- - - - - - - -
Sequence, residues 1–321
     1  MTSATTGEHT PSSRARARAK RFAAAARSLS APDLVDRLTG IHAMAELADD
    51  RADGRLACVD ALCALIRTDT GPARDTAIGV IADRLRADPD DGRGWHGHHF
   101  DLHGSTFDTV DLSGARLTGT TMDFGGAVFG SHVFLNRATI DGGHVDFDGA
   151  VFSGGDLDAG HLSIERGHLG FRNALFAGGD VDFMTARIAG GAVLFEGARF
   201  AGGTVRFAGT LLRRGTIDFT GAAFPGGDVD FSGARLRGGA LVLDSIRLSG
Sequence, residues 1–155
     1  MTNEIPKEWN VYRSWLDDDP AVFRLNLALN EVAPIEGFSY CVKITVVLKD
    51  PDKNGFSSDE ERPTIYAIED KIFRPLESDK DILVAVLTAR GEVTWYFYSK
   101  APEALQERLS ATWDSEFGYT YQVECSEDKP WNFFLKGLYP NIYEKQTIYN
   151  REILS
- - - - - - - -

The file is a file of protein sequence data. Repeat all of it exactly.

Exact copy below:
Sequence, residues 1–321
     1  MTSATTGEHT PSSRARARAK RFAAAARSLS APDLVDRLTG IHAMAELADD
    51  RADGRLACVD ALCALIRTDT GPARDTAIGV IADRLRADPD DGRGWHGHHF
   101  DLHGSTFDTV DLSGARLTGT TMDFGGAVFG SHVFLNRATI DGGHVDFDGA
   151  VFSGGDLDAG HLSIERGHLG FRNALFAGGD VDFMTARIAG GAVLFEGARF
   201  AGGTVRFAGT LLRRGTIDFT GAAFPGGDVD FSGARLRGGA LVLDSIRLSG
Sequence, residues 1–155
     1  MTNEIPKEWN VYRSWLDDDP AVFRLNLALN EVAPIEGFSY CVKITVVLKD
    51  PDKNGFSSDE ERPTIYAIED KIFRPLESDK DILVAVLTAR GEVTWYFYSK
   101  APEALQERLS ATWDSEFGYT YQVECSEDKP WNFFLKGLYP NIYEKQTIYN
   151  REILS